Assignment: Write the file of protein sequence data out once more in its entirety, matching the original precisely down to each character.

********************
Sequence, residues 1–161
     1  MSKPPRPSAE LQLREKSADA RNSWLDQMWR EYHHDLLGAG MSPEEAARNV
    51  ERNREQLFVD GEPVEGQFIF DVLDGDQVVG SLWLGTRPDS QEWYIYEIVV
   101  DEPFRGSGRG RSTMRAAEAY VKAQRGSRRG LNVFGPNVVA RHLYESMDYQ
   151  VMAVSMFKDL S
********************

Sequence, residues 1–161
     1  MSKPPRPSAE LQLREKSADA RNSWLDQMWR EYHHDLLGAG MSPEEAARNV
    51  ERNREQLFVD GEPVEGQFIF DVLDGDQVVG SLWLGTRPDS QEWYIYEIVV
   101  DEPFRGSGRG RSTMRAAEAY VKAQRGSRRG LNVFGPNVVA RHLYESMDYQ
   151  VMAVSMFKDL S